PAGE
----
Economic outlook 2009: German economy in stormy waters ************ ***** ******* * ** Authors Bernhard Gräf +49 69 910-31738 bernhard.graef@db.com Tobias Just +49 69 910-31876 tobias.just@db.com Stefan Schneider +49 69 910-31790 stefan-b.schneider@db.com Editor Stefan Schneider Technical Assistant Pia Johnson Deutsche Bank Research Frankfurt am Main Germany Internet: www.dbresearch.com E-mail: marketing.dbr@db.com Fax: +49 69 910-31877 Managing Director Norbert Walter January 29, 2009 ******* * ************ ** ******** **** ** * ** *** * ** ** ***** **** ****** *** *** ** **** ** *** *** **** Gross domestic product (GDP) is expected to contract by around 2 ½%. This is by far the strongest economic downturn of the post-war period. The global financial crisis is causing great uncertainty. Stabilising effects of falling commodity prices and monetary and fiscal policies will only be felt with a time lag. ** ******** **!*!*** ** *** !** * ******* ** **** ***** *** ******* **** * **** ** *** "# ******** ******* The US economy has been in recession since the beginning of 2008. We forecast a contraction of 2 ¼% for the US economy in the current year. Only around the end of 2009 do we expect the situation to gradually stabilise. ** ******** ****** **** ****!** * * * **** ****** ** *** ******** **!********* After having soared for one year and a half, commodities prices collapsed in the second half of 2008. On top of the global financial crisis this added to the emerging markets’ economic woes. Following the 7.9% achieved in 2007, EM growth looks set to be more than halved (good 3%) in 2009. We expect the industrialised countries to see real GDP to contract by 2 ¼% and the world economy as a whole to shrink by a good 1%, after expanding by 2% in 2008. More than one-quarter of Germany's economic output stems from exports, if imported inputs are taken into account. Besides the loss of major sales markets, the strength of the euro represents another burden which has only been alleviated somewhat in the last few months. Export expectations in Germany’s industrial sectors have hit an all-time low. For the first time since 1993 real exports will decline markedly in 2009 (-8%). Shrinking foreign demand together with declining profits in many sectors will lead to investment in plant and equipment contracting by 10%. Given the pronounced drop in employment and simultaneously rising savings ratios, private consumption will likely edge down for the third consecutive year. Economic outlook 2009 ****** ******* ** ***** !**** -4.0 -3.0 -2.0 -1.0 0.0 1.0 2.0 3.0 4.0 200420052006200720082009 -2.0 -1.5 -1.0 -0.5 0.0 0.5 1.0 1.5 2.0 *******$%**********!** RealGDP Sources:FederalStatisticalOffice,DBResearch %yoy(left) %qoq(right) Current Issues 2 January 29, 2009 ** * ** ******* Page Summary............................................................................................................................................. 3 Early signs of a downswing ................................................................................................................ 3 External environment increasingly weaker ......................................................................................... 3 Global economy to contract in 2009 ................................................................................................... 4 Adjustment continues in US property market ..................................................................................... 4 Negative wealth effects dampen US consumption ............................................................................. 4 2009 is not 1929 .................................................................................................................................5 Strong relief from collapsing oil price.................................................................................................. 5 Setback for world’s export champion Germany.................................................................................. 5 Excursus: Financial markets and banking crisis – effects on the real economy ................................ 6 Export slump to hurt investment, too .................................................................................................. 7 Private consumption – another disappointing year ............................................................................ 7 Job losses just a matter of time .......................................................................................................... 7 German industry caught in a downdraught......................................................................................... 8 Individual sectors depend strongly on exports ................................................................................... 8 Industry in reverse gear in 2009 ......................................................................................................... 8 Public finances: Deficits rising above 3% of GDP .............................................................................. 9 Deflation debate misses the point ...................................................................................................... 9 Deepest recession in post-war history................................................................................................ 9 Risks to growth outlook extremely high at present........................................................................... 10 Tensions persist on financial markets............................................................................................... 10 Economic outlook 2009 January 29, 2009 3 Summary For the first time in five years Germany is back in recession. Economic output has been shrinking since the second quarter of 2008, thus meeting the standard definition of recession. We expect the decline in real GDP to continue until mid-2009 at least. After GDP growth of 1.3% in 2008, the contraction forecast for the current year will probably amount to 2 ½%. This would represent the deepest recession in Germany's post-war history. Even in the wake of the two oil crises in the 1970s and 80s the German economy contracted by merely 0.9% and 0.4%, respectively. The recession periods that followed in 1993 (-0.8%) and 2003 (-0.2%) were also relatively mild. Early signs of a downswing Although the world economy had already slowed markedly in 2007, the ifo business climate index remained surprisingly high up until early summer 2008. Only in mid-2008 did sentiment deteriorate considerably. When the financial crisis escalated further in September 2008, the index went into free fall. At present, it stands at its lowest level in 15 years. Other economic indicators such as order intake or the purchasing managers' index (PMI) also paint a dismal picture. The reasons for the downswing were not so much home-made as external in nature. — In line with global demand, German exports weakened con- siderably in the course of the dramatic economic downturn in the US, which with a time lag also affected the dynamically growing emerging markets and the euro area. — This development was exacerbated by the strength of the euro, which peaked around mid-2008, hurting German exporters’ price competitiveness. — In addition the long period of high energy and food prices re- duced households’ purchasing power, so private consumption once more failed to support the economy in 2008. — The negative effects of the international financial crisis, which had taken a dramatic turn for the worse following the collapse of Lehman Brothers in mid-September 2008, brought money markets and markets for short-term corporate credit almost to a complete standstill. External environment increasingly weaker The issue of whether the global economy can decouple from de- velopments in the US gave rise to heated debate again last year. It was hoped that major German sales markets would continue their dynamic growth trajectory. Many economists argued that the emerging markets were strong enough to keep the global economy afloat in the event of a US downswing. In fact, the emerging markets have gained considerable weight in the global economy in the past few years. Current developments show, however, that the saying that “the rest of the world catches cold when the US sneezes” is still applicable. Only this time, the US is seriously ill. It took some time for the US flu to spread to Asia and Europe. The strong downswing in the US which was triggered by the property market crisis infected the global economy not only through direct trade links – with by far the largest current account deficit in the world the Americans are still the most free-spending consumers of the world – but also through -1.0 -0.5 0.0 0.5 1.0 1.5 2.0 20042005200620072008 -2.0 -1.0 0.0 1.0 2.0 3.0 4.0 *******$%**********!** RealGDP Source:FederalStatisticalOffice % yoy (right) % qoq (left) & -3 -2 -1 0 1 2 3 4 5 6 70747882869094980206 *******$#*********** **************!******** RealGDP,%yoy Sources. Federal Statistical Office, DB Research * 75 80 85 90 95 100 105 110 115 120 00 02 04 06 08 Business climate Assessment of current situation Business expectations *** ***** * ***** ** 2000 = 100 Source: ifo &'***** *! ( Current Issues 4 January 29, 2009 confidence and finance channels, which have become increasingly important over the past few years. Global economy to contract in 2009 The ifo business climate index for the world's regions reveals that economic activity slowed markedly on all continents in 2008. The decline was particularly pronounced in Asia. For 2009 we expect no more than about 4% growth in Asia, down from 7% in 2008 and almost 10% in 2007. But other regions, too, will see growth decelerate. All major industrialised countries are already in recession. In the euro zone, real GDP looks set to shrink by 2 ¼%. The UK economy also expected to contract by 3%. All in all the world economy will shrink by a good 1% in 2009. This would be the worst performance in many decades, as growth was still positive even during the oil crises of the 1970s and 80s. In light of the obviously persisting strong dependence of the world economy on the US, an end to the US property market crisis is a precondition for a recovery of the global economy. Adjustment continues in US property market This may take more than a year, though. After the bubble burst on the US housing market, house prices slumped at double-digit rates, mortgage default rates rose to nearly 20% in the subprime segment and residential construction investment fell to its lowest level in 13 years. Property prices have not yet bottomed out. At present, new residential construction in the US is roughly 900,000 units short of demand, which implies that the gap between current vacancy rates and their trend rate of over 1 million units could be closed in around 1 year. Negative wealth effects dampen US consumption Even though this would create a new equilibrium on the US residential market, it would also mean that overall economic growth remains clearly below potential, as negative wealth effects will continue to weigh on private consumption for a long time. The financial situation of households was very tight even before the financial crisis worsened recently. Due to easier lending standards especially in the mortgage segment, indebtedness had grown dramatically on rising property prices. This was used in part to finance consumption, with the savings ratio dropping to almost zero. We forecast house prices to fall by another 10% this year (-20% in 2008), bringing down households' real estate wealth by a total of 25% or USD 6,000 bn by the end of 2009. Through wealth effects this alone will dampen consumption expenditure by 1 ½%. As a result and in light of quickly rising unemployment we expect private consumption to shrink by around 2 ¼%. Despite the new economic stimulus programme promised by the new US president, Barack Obama, with a volume of more than USD 800 bn or over 5 ½% of GDP, real GDP looks set to decline by nearly 2 ¼% this year. This would be the deepest recession in post-war history also for the US. To be sure, we assume the situation in the US to stabilise in H2 2009 and the economy to return to a growth path in 2010. However, at a mere 1% growth will remain clearly below potential given the structural problems and ongoing adjustment. 3 4 5 6 7 8 00 02 04 06 08 Eastern Europe Latin America Far East Asia (left) *** !** * *** ** * ***** Source: ifo Figures above 5 signal a positive trend ' -10 0 10 20 30 9094980206 "#*******$ **!** *) ********** %yoy World exports (ex USA) US imports Sources: IMF, DB Research * -2 -1 0 1 2 3 4 5 6 7 1960 1970 1980 1990 2000 * *** ***!** Real global GDP, % yoy Sources: IMF, DB Research + Economic outlook 2009 January 29, 2009 5 2009 is not 1929 An IMF analysis shows that recessions turn out considerably longer and deeper if preceded by a financial markets or banking crisis. The loss of growth in such a recession has averaged 4 ½% in the past. Similar or even higher shortfalls are also to be expected in the current crisis. However, we believe the current recession to be manageable so it will not result in a 1929-style depression. Certainly there are parallels to be drawn between 1929 and today. The origins of the current financial crisis lie in the US property market crisis which shook investors and financial markets through- out the world when the value of mortgage securitisations and special investment vehicles slumped. This led to global write-downs in the order of over USD 1,000 bn, with around USD 790 bn alone affecting banks, which led to tighter lending standards. Back in 1929 and this time the US property market experienced a boom which ended abruptly. Then and today, the crisis spread quickly because of financial innovations. In 1929 stocks were bought on credit; in the current crisis loans were securitised. However, there are also important differences between today and 1929. Back then the central banks even reduced the money supply and the US president as well as politicians in other countries stubbornly refused to counter the onset of the economic crisis with state support. By contrast, the last few months have seen dramatic cuts in interest rates, rescue packages for the banking sector and multiple measures to stimulate the economy almost all over the world and to a degree that has never been seen before. The US Fed, for instance, has brought down its key interest rate from 5.25% to 0-¼% (its lowest level ever) since September 2007, and the Bank of England has cut its base rate by 350 basis points over only three months. After some initial hesitation, the ECB also took determined action, cutting its refinancing rate by a total of 225 basis points to currently 2% since October 2008. We expect the ECB to continue to loosen the monetary reins until March 2009 with the refinancing rate likely to fall to 1%. Strong relief from collapsing oil price Besides political action the marked decline in the price of oil over the last few weeks as well as considerably lower commodities prices have provided some hope for the consumer countries' economies. After having soared from mid-2007 and peaked at USD 146 per barrel, the price of North Sea oil (Brent Blend) has since dropped by more than 70% to temporarily below USD 40 bbl in only a few weeks on collapsing growth expectations. Moreover, food prices have fallen by an average 30% from their peak in mid-2008 (HWWI food price index). To be sure, the recent rollercoaster ride of oil prices demonstrated once again the considerable risks inherent in oil price forecasts. Should the oil price continue to fluctuate between USD 40 and 50 per barrel, however, its annual average would only be half as high as in 2008. This would bring relief of more than EUR 10 bn or nearly 1% of private consumption for German households, and thus help cushion the economic downturn. Setback for world’s export champion Germany Exports, a particularly important sector for the German economy, have been hurt massively by the deteriorating external environment. Subtracting foreign inputs, goods exports contributed nearly 22% to GDP in 2007, and about one in four jobs depends on exporting industry in Germany. With an export volume in excess of (* *,* *-* ,** (& *-* ,** &*'* 0 300 600 900 1200 Asia Americas Europe World Financial institutions, all Banks .*******!* ** *!*** USD bn Source: Bloomberg ******** **** , 0 1 2 3 4 5 6 Jan Apr Jul Okt Jan Apr Jul Okt Jan /** ******* **** % Euro area UK USA Sources: Fed, ECB, Bank of England 2007 2008 - * *** ***!** Real GDP, % yoy 2007 2008 2009 USA 2.0 1.2 -2.2 Japan 2.4 -0.3 -3.6 Euro area 2.6 0.8 -2.1 Asia 9.7 6.6 4.3 Latin America 5.5 4.2 0.8 Eastern Europe 6.7 4.7 1.0 Middle East 5.3 5.6 2.9 World 3.6 1.9 -1.2 Sources: IMF, DB Research * 0 20 40 60 80 100 120 140 160 00 02 04 06 08 0* ***** Brent Blend, USD/bbl. Source: Global Insight &* Current Issues 6 January 29, 2009 EUR 1,000 bn, Germany narrowly claimed the title of world exports champion for the sixth time in a row. But over the last few months foreign orders have slumped as a result of the global downswing. Most recently, they were roughly one-quarter below their pre-year level. Hence, export growth – which had still amounted to more than 8% in 2007 – slowed noticeably in 2008 and even turned negative at the end of the year. This is also reflected in export expectations that hit their lowest level in 33 years at the end of 2008. As the strong euro – which peaked around the middle of 2008 – will likely continue to weigh on German exports for some time to come because of a 2-3 quarter lag, we expect the current year to see real exports of goods and services decline by a good 8%, following growth of 3.9% in 2008. This would be the first annual average decline in 16 years. Excursus: Financial markets and banking crisis – effects on the real economy Financial market and banking crises affect the activities of companies, households and banks via different transmission channels. In severe crises there are also huge effects on the activities of the state sector (tax revenues, social security spending as well as support and stimulus packages). Bank lending is in- fluenced decisively by the institutions’ equity positions. Certainly, capital measures have contributed to achieving a slight increase in German banks’ equity capital in the course of last year despite write- offs of more than EUR 60 bn. However, the banks are currently seeking to increase their equity ratios through de-leveraging, i.e. by reducing the ratio of business volume to equity capital, which restricts their lending capacities. In addition, refinancing costs of banks have increased substantially – despite the ECB’s pronounced rate cuts – through high risk premiums for bank bonds and the drying-up of the interbank market. The deteriorating profit outlook and possible valuation losses are weighing on corporate balance sheets, which makes borrowing even more difficult (balance-sheet channel). However, at 65% the internal financing ratio of companies was in line with its long-term average in 2007 and likely rose further in the first half of 2008, which will limit the effect of rising funding costs. Apart from high financing costs, the lower market value of listed companies in relation to the replacement price of their assets reduces their propensity to invest (Tobin’s q). Generally speaking, household spending reacts to a lesser degree to financial market crises than corporate investment does. This is attributable for one thing to the fact that only a small part of consumption is financed by debt and, for another, the larger share of quasi-fixed household spending (rent, food etc.). Over the last few years, households have reduced their debt somewhat both in absolute terms and in relation to disposable income. Higher financing costs would therefore hardly hurt consumption. As only just under 15% of Germans (over the age of 14) own stocks, shares in mutual funds or certificates, negative wealth effects will have only a minor impact on consumption through the decline in prices over the past months. However, the negative effect on confidence triggered by the financial market turmoil will probably be considerable. The households’ saving ratio could thus rise by another half of a percentage point to 12% this year. 90 100 110 120 130 140 150 160 170 00 02 04 06 08 Total Domestic Foreign *******$** ********** 2000=100 Source: Federal Statistical Office && -40 -30 -20 -10 0 10 20 30 00 02 04 06 08 *******$ * %, ** % yoy (mov. 2M avg.) Exports** ifo export expectations* Sources: ifo, Federal Statistical Office %***** 1 *********** &* -20 -15 -10 -5 0 5 10 15 929598010407 -10 -5 0 5 10 15 *******$ %yoy Investmentin plant&equipment (left) Exports (right) Sources: Federal Statistical Office, DB Research %***** 1 ****** *** &( Economic outlook 2009 January 29, 2009 7 Export slump to hurt investment, too The slump of exports will also hurt investment, as German companies have begun to reconsider their investment plans in light of slowing global demand. We therefore expect investment in plant and equipment to fall by about 10% this year, after rising by 5.3% in 2008. This forecast is supported by declining capacity utilisation in manufacturing which recently returned to its long-term average after almost three years of over-utilisation. As industrial production con- tinues to decline – besides the slump in foreign orders there has also been a substantial drop in domestic orders below the pre-year level – capacity utilisation looks set to decline further. Moreover, corporate earnings will likely take a beating in many sectors. The financial crisis is also contributing to investment being scaled down. Numerous financial institutions have tightened lending conditions, resulting in generally higher financing costs. Construction activity, which had still flourished in early 2008, ground to a halt in the further course of the year. Given the increasingly uncertain income and employment outlook, private residential construction will likely shrink this year. Also, the planned economic stimulation measures including faster realisation of infrastructure investment will hardly suffice to compensate for this decline. So for 2009 we expect overall construction investment to fall by 4%, after an increase of over 2.7% in 2008. Private consumption – another disappointing year Hopes voiced at the end of 2007 that private consumption could rise more strongly on higher wage deals and rising employment and thus put overall economic growth on a broader basis were not fulfilled last year as a result of dramatically higher oil and commodity prices. Even though consumers are feeling considerable relief from the recent oil price slump, hopes for a noticeable boost to consumption will likely be disappointed again this year. Wages will likely rise as strongly as in 2008 (+3%) this year, as many collective agreements last from 2008 into 2009. In addition, the government’s recently agreed stimulus packages and the relief from the reinstalled commuter allowance will increase private house- holds’ income. However, a negative wage drift, substantial job losses in the course of the recession and a rising savings ratio (ex- pected to come in half of a percentage point higher given growing uncertainty) will likely cause real private consumption to grow only moderately (almost ½%). So private consumption will likely remain more or less at its 2001 level, after having expanded by 1.9% p.a. in real terms between 1991 and 2001. Job losses just a matter of time Despite the recession the labour market proved robust up until the end of 2008, even though the increase in employment flattened in the course or last year and the jobless total rose in December for the first time in three years. However, the labour market is a lagging indicator which reacts with a time-lag to changes in economic growth. Most recent company surveys reveal a substantial decline in staffing plans, so we expect a good 750,000 jobs to be lost by the end of 2009. The jobless total will then likely exceed 4 million at the beginning of 2010, pushing up the unemployment rate to 9 ½% from close to 8% in 2008. 95 100 105 110 115 120 125 91939597990103050709 *******$2** ***************** 1991=100 Sources: Federal Statistical Office, DB Research &* -1000 -800 -600 -400 -200 0 200 400 600 800 1000 0103050709 *******$3** ***** Changeyoy,in'000 Sources: Federal Statistical Office, DB Research &, -3.0 -2.0 -1.0 0.0 1.0 2.0 3.0 00 01 02 03 04 05 06 07 08 09 *******$ %** ****** % yoy Sources: Federal Employment Agency, DB Research &+ 8.5 9.0 9.5 10.0 10.5 11.0 11.5 12.0 95979901030507 *******$#********** %ofdisposableincome Source:DeutscheBundesbank &' Current Issues 8 January 29, 2009 German industry caught in a downdraught Manufacturing in Germany benefited strongly from the last economic upswing. Production rose by an inflation-adjusted 6% in 2006 and by as much as 6.5% in 2007. Full order books still ensured stability in the first half of 2008. Especially capital goods sectors such as mechanical and electrical engineering were able to sell their pro- ducts easily on the world markets. But the first difficulties already became visible in the first half of last year: business expectations were cloudier and the high price of oil was an additional burden. The worsening economic outlook in many important export markets forced a large number of companies to reconsider their plans for expansion. Most existing orders were still completed but new orders failed to come in. Individual sectors depend strongly on exports In the downturn, the heavy dependence on exports quickly became a boomerang: there is an obvious connection between a sector's reliance on exports and the degree to which it is hurt by slower business activity. Within a mere six months, order volumes fell by 13% in the car industry, by nearly 9% in mechanical engineering and by 11% in metal processing. For now, there is no evidence that the decline has bottomed out. Three aspects need to be considered in this connection: first, the adjustment took place from a very high level. The car industry had seen its longest ever upswing, and mechanical engineering had raised output volumes by as much as 30% since 2005. Second, many companies used the crisis as an opportunity for restructuring. They now have a stronger equity base and their production costs are internationally competitive thanks to the wage restraint exer- cised in earlier years. So many companies are now better equipped to withstand this deep recession. Third, there are automatic stabilisers at work (e.g. low oil prices and interest rates) which will help the capital goods sectors, in particular. Government measures to stimulate the economy will also cushion the downturn. Industry in reverse gear in 2009 Nonetheless we expect output to slump in 2009: except for the food industry, which is nearly immune to economic downswings, all major sectors will likely head south in 2009. In the textile and clothing industry, the structural problems are being exacerbated by the recession. Raw materials and semi-finished goods (chemicals, plastics, metal products) reflect the enormous drop in output in the automobile sector. All in all, we expect manufacturing to see output decline by an inflation-adjusted 8%. In light of this strong contraction we do not look for positive impetus from the construction sector; construction output is likely to decrease strongly, too. However, given the stimulus packages and the fact that the construction sector did not boom in the recent years, the decline will come in smaller than in manufacturing. Output will be considerably weaker in 2009 than in the last downturn in 2002/2003 as there is not only a lack of foreign momentum but the situation in other countries even represents an additional burden. Only around the end of 2009 will the worst be over, and 2010 may even see modest growth again. -14 -12 -10 -8 -6 -4 -2 0 30 40 50 60 70 *******$ %***** ***** Textiles Clothing Chemicals Plastics Metal Mechanical engineering Electrical engin. Automobile Sources: Federal Statistical Office, DB Research Export ratio, % Order intake, %* * Jun/Oct vs. Jan/May 2008 1 ***** ** ** *** &- -60 -50 -40 -30 -20 -10 0 10 20 30 00010203040506070809 Source:ifo Balanceofpositiveandnegative companyreports *******$ Manufacturing 4*** * *********** &* *******$ ******** ********** % yoy 2007 2008 2009 Foodstuffs 2,1 0 0 Textiles 0,8 -5 -12 Clothing -11 -17 -12 Chemicals 5 -2 -8 Plastics 6,6 -2 -9 Metal engineering 5,3 0 -8 Mechanical engin. 9,4 5 -8 Electrical engin. 10 4 -8 Automobile 7,2 -4 -15 Manufacturing 6,5 0,5 -9 Sources: Federal Statistical Office, DB Research ** Economic outlook 2009 January 29, 2009 9 Public finances: Deficits rising above 3% of GDP After a remarkable consolidation phase – the overall budget deficit of 4% of GDP in 2003 had disappeared entirely by 2008 – the economic downturn as well as government programmes to save banks and stimulate the economy will make public finances look considerably worse this year. The economic recession alone will likely create a budget deficit of 1 ½%. Taking the discretionary measures into consideration, the budget deficit will likely exceed markedly the Maastricht limit of 3% in 2009. However, this would not violate the reformed stability and growth pact. In 2010 the deficit will probably widen further to above 4% of GDP as our growth forecast of 1% still remains below potential. We believe the recently agreed package of measures to stimulate the economy to be a step in the right direction. Among other things, it foresees improved depreciation regulations for small and medium- sized companies, higher tax deductions for private households for work done by tradespeople, a one-year exemption from vehicle tax following the purchase of a new car, an expansion of bank lending to SMEs, a prolongation of funding for short-time work and speedier realisation of infrastructure investment in the transport sector. At best, however, it will provide a small counterweight to the economic downturn. This has been recognised by the German government, which recently passed a second economic stimulus package worth EUR 50 bn, or roughly 2% of GDP. Major measures planned for 2009/2010 include additional infrastructure investment in the order of EUR 17.5 bn, cuts in personal income tax and social-security contributions to the tune of EUR 15.8 bn, a reduction in health- insurance contributions by 0.6 of a percentage point as well as subsidies for individual industries and short-time work. Even though this package obviously caters to the interests of the various government coalition partners, such a bundle of measures could prove beneficial in light of the theoretical and empirical uncertainties in analysing the effects of different strategies. Deflation debate misses the point After the spectre of inflation had haunted consumers and monetary policy decision-makers until the summer of last year – in July 2008 the rate of price increase stood at 3.5% – inflation slowed to slightly above 1 by the end of 2008. However, this slowdown in inflation, just like the preceding acceleration, was mostly due to oil price move- ments. Core inflation (excluding the volatile prices of energy and food) continued to hover around the 1% mark, which we also expect to see in the current year. So headline inflation will likely return to almost zero by the summer or will even be negative as a result of low oil prices, and amount to a good ½% on an annual average, down from 2.8% in 2008. This will fuel the recently intensified deflation debate further. In light of the stable core rate of inflation, however, we think this debate misses the point. Deepest recession in post-war history All in all we expect the German economy to continue to shrink at least until the middle of 2009. Stabilisation could set in gradually in the second half of the year, when the effects of monetary easing and fiscal stimulation kick in. Nonetheless, the economy will contract by about 2 ½% on average in 2009 and thus see the deepest recession in the post-war period. In 2010 the slight upturn will likely continue, but growth looks set to remain moderate, at 1%, as weak US growth rates will hardly provide a strong external impulse. -5.0 -4.5 -4.0 -3.5 -3.0 -2.5 -2.0 -1.5 -1.0 -0.5 0.0 0.5 00 01 02 03 04 05 06 07 08 09 10 *******$ 4***** Overall public sector, % GDP Sources: Federal Statistical Office, DB Research *& -0.5 0.0 0.5 1.0 1.5 2.0 2.5 3.0 3.5 4.0 00 01 02 03 04 05 06 07 08 09 Total Ex energy *******$ 5**** Consumer price index, % yoy Sources: Federal Statistical Office, DB Research ** *******$ ***!** % yoy 2007 2008 2009 Real GDP 2.5 1.3 -2.5 Private consumption -0.4 0.0 0.4 Gov't expenditure 2.2 2.2 2.5 Fixed investment 4.1 3.9 -7.0 Investment in M&E 6.9 5.3 -10.0 Construction 1.8 2.7 -4.0 Exports 7.5 3.9 -8.3 Imports 5.0 5.2 -5.2 Consumer prices 2.3 2.8 0.6 Budget bal., % of GDP -0.2 0.1 -3.6 Unemployment rate, % 9.0 7.8 9.0 Sources: Federal Statistical Office, DB Research *( Current Issues 10 January 29, 2009 Risks to growth outlook extremely high at present Given the uncertainty surrounding the financial crisis, there are very large downside risks to our growth outlook at this point in time. A new escalation of the financial crisis could speed up the economic downswing in the US once more and induce real US GDP to con- tract much more strongly than assumed so far. This would have repercussions for the emerging markets, Europe and of course Germany. However, the crises of 1987, 1997 and 2001 all turned out considerably less dramatic than forecast at their peak – so this should at least give rise to some hope. Tensions persist on financial markets Hopes that the situation on the financial markets, which had escalated dramatically following the collapse of Lehman Brothers, would calm down once the rescue packages for the banking sector had been agreed have so far failed to materialise. Most recently, market sentiment was clouded by drastically more pessimistic economic forecasts. The spreads between money market rates and key interest rates – reflecting the degree of uncertainty on the interbank market – have narrowed but are still much wider than the long-term average. Spreads between government and corporate bonds remain unchanged, at a level nearly three times as high as before the financial crisis. Even within EMU, yield spreads have widened to record levels since the introduction of the euro – and not only in the problem countries. Moreover, stock market volatility remains at crisis levels, which is a reflection of extreme uncertainty in the stock market and explains part of the low valuations. Up to now, safe investment in the form of government bonds of the most liquid markets have been sought after; accordingly, these yields have dropped temporarily to record lows (actual: 10Y Bund yields 3 ¼%; 10Y Treasuries 2 ½%). In our scenario depicting gradual recovery around the end of 2009, stocks with current P/E ratios of around 8 (Dax) are very attractive on a medium-term horizon, while bonds look set to lose out, especially if deflation forecasts prove wrong. Over the next few months, however, more bad news will probably pour in from the business and financial sectors, so bonds will likely continue to be overvalued compared with stocks for the time being. Bernhard Gräf (+49 69 910-31738, bernhard.graef@db.com) Tobias Just (+49 69 910-31876, tobias.just@db.com) Stefan Schneider (+49 69 910-31790, stefan-b.schneider@db.com) 0 20 40 60 80 100 120 140 160 180 06 07 08 09 France Spain Italy %6"$ 7** * ***** Spread vs. 10Y Bunds, bp Source: DB Research ** 0 10 20 30 40 50 60 70 80 Jun Jul Aug Sep Okt Nov Dez Jan *******$ Implicit volatility, VDAX Source: Bloomberg Lehman Brothers bankruptcy 2008 2009 #**** ****** ** *** *** *' 2.0 2.5 3.0 3.5 4.0 4.5 5.0 5.5 6.0 06 07 08 09 Germany USA 7** * 10Y government bonds, % Source: DB Research *+ ******* * ** ISSN 1612 314X All our publications can be accessed, free of charge, on our website www.dbresearch.com You can also register there to receive our publications regularly by e-mail. Ordering address for the print version: Deutsche Bank Research Marketing 60262 Frankfurt am Main Fax: +49 69 910-31877 E-mail: marketing.dbr@db.com © Copyright 2009. Deutsche Bank AG, DB Research, D-60262 Frankfurt am Main, Germany. All rights reserved. When quoting please cite “Deutsche Bank Research”. The above information does not constitute the provision of investment, legal or tax advice. Any views expressed reflect the current views of the author, which do not necessarily correspond to the opinions of Deutsche Bank AG or its affiliates. Opinions expressed may change without notice. Opinions expressed may differ from views set out in other documents, including research, published by Deutsche Bank. The above information is provided for informational purposes only and without any obligation, whether contractual or otherwise. No warranty or representation is made as to the correctness, completeness and accuracy of the information given or the assessments made. In Germany this information is approved and/or communicated by Deutsche Bank AG Frankfurt, authorised by Bundesanstalt für Finanzdienstleistungsaufsicht. In the United Kingdom this information is approved and/or communicated by Deutsche Bank AG London, a member of the London Stock Exchange regulated by the Financial Services Authority for the conduct of investment business in the UK. This information is distributed in Hong Kong by Deutsche Bank AG, Hong Kong Branch, in Korea by Deutsche Securities Korea Co. and in Singapore by Deutsche Bank AG, Singapore Branch. In Japan this information is approved and/or distributed by Deutsche Securities Limited, Tokyo Branch. In Australia, retail clients should obtain a copy of a Product Disclosure Statement (PDS) relating to any financial product referred to in this report and consider the PDS before making any decision about whether to acquire the product. Printed by: HST Offsetdruck Schadt & Tetzlaff GbR, Dieburg Print ISSN 1612-314X / Internet and e-mail ISSN 1612-3158 The German pharmacy of the future More systems – more competition – cheaper products ...................................................................... January 20, 2009 German mechanical engineering steeling economy for the post-oil era ................................................................................................... December 16, 2008 Logistics in Germany A growth sector facing turbulent times ......................................................................................... November 27, 2008 German manufacturing in a downswing ................................................................................. November 21, 2008 Building a cleaner planet The construction industry will benefit from climate change ............................................................. November 14, 2008 Taxation of income in the globalisation era Treading the line between fairness and efficiency ............................................................................. October 31, 2008 SWFs and foreign investment policies – an update ................................................................... October 22, 2008 The broad basis of societal progress Freedom, trust, tolerance, education and much more .......................................................................... October 2, 2008 Asia trip report 2008 Caught between high inflation and slowing growth ......................................................................... September 8, 2008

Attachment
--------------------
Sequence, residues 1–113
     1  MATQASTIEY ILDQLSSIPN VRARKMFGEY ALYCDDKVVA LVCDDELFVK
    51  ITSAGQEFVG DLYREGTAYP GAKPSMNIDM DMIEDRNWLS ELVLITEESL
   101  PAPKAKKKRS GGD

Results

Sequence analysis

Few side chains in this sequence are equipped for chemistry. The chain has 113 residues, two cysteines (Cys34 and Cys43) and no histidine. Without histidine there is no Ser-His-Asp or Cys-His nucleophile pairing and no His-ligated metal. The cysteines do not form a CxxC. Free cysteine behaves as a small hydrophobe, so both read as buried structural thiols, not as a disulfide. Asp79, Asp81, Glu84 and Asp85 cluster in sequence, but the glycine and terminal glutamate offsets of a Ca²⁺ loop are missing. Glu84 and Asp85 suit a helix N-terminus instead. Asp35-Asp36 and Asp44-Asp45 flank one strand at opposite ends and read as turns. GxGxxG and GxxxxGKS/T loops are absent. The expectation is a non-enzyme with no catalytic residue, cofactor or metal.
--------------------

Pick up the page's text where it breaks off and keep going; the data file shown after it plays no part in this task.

1.0.5